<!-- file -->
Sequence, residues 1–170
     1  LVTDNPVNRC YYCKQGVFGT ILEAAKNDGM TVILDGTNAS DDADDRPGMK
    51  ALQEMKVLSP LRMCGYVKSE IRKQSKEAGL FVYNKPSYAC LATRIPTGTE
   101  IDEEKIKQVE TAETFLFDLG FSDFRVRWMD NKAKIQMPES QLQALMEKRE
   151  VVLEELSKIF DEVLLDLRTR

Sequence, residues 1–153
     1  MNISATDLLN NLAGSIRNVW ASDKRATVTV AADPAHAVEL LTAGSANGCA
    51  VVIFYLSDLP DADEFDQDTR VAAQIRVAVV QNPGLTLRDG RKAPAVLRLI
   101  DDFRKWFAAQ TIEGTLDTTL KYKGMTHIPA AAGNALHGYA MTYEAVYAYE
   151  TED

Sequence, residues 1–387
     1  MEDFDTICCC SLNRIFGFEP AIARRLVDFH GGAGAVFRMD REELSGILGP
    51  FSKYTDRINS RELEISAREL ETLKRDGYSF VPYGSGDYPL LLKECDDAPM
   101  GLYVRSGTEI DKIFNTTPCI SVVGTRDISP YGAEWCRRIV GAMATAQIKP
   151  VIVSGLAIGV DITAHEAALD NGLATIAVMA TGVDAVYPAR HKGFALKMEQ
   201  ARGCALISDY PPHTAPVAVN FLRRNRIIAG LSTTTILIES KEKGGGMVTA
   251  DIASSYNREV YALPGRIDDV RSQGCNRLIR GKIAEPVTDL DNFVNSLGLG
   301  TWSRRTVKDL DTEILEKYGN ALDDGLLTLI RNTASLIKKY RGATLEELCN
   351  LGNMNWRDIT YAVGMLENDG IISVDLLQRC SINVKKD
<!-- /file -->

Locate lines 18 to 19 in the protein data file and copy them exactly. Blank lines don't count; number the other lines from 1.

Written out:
   301  TWSRRTVKDL DTEILEKYGN ALDDGLLTLI RNTASLIKKY RGATLEELCN
   351  LGNMNWRDIT YAVGMLENDG IISVDLLQRC SINVKKD